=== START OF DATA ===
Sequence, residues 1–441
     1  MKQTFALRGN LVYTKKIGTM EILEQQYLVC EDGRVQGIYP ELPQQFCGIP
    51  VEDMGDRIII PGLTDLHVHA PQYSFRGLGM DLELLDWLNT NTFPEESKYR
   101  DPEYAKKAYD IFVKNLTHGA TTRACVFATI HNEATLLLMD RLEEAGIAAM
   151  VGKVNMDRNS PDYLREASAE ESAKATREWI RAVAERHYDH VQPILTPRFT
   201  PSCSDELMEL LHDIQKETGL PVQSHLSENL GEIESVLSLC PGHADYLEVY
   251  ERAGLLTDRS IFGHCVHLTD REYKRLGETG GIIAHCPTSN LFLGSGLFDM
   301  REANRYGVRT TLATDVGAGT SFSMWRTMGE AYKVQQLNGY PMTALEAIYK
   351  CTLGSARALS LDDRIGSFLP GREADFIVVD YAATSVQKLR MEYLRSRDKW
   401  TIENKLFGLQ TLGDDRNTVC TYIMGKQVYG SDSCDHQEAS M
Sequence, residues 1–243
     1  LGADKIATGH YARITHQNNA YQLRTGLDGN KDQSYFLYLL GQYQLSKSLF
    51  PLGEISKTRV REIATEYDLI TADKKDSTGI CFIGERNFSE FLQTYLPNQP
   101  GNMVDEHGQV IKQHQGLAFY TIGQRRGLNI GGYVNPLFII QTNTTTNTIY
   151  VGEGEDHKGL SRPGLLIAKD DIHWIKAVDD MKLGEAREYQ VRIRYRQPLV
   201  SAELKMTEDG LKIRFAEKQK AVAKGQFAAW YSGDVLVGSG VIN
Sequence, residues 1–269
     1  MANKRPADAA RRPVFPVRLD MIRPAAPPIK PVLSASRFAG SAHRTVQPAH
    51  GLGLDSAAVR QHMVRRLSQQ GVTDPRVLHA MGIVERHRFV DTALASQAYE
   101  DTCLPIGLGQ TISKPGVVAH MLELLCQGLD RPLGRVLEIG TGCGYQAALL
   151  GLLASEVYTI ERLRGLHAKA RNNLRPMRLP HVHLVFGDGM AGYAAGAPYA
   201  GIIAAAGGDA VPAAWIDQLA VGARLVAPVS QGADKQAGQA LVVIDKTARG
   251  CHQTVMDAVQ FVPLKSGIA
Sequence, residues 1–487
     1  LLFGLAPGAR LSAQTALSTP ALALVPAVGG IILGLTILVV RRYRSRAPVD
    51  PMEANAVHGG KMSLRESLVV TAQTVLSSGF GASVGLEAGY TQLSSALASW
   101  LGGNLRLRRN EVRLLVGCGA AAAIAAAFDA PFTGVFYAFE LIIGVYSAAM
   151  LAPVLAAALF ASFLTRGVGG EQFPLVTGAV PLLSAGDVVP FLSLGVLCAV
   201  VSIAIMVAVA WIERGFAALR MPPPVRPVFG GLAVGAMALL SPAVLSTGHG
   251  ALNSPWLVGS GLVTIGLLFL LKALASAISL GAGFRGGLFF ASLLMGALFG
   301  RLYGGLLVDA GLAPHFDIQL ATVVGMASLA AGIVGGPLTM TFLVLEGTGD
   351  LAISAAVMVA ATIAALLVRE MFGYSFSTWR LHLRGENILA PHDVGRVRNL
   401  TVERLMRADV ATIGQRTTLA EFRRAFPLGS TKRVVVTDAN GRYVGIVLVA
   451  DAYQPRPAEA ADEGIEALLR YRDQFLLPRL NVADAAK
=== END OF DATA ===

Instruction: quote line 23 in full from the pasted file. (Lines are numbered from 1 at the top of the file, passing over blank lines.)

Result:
   251  CHQTVMDAVQ FVPLKSGIA